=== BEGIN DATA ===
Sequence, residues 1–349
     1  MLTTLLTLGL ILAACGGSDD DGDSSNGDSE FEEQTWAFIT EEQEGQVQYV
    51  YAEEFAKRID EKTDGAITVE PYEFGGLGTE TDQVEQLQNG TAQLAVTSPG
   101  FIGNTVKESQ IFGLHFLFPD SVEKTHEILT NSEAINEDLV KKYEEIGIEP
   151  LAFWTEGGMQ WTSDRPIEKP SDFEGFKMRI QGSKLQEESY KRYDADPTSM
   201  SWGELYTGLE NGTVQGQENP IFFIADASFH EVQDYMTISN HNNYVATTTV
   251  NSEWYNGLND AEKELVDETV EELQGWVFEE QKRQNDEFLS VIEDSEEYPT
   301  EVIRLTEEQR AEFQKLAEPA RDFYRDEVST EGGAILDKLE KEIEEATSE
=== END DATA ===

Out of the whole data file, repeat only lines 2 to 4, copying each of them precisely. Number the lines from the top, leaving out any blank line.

     1  MLTTLLTLGL ILAACGGSDD DGDSSNGDSE FEEQTWAFIT EEQEGQVQYV
    51  YAEEFAKRID EKTDGAITVE PYEFGGLGTE TDQVEQLQNG TAQLAVTSPG
   101  FIGNTVKESQ IFGLHFLFPD SVEKTHEILT NSEAINEDLV KKYEEIGIEP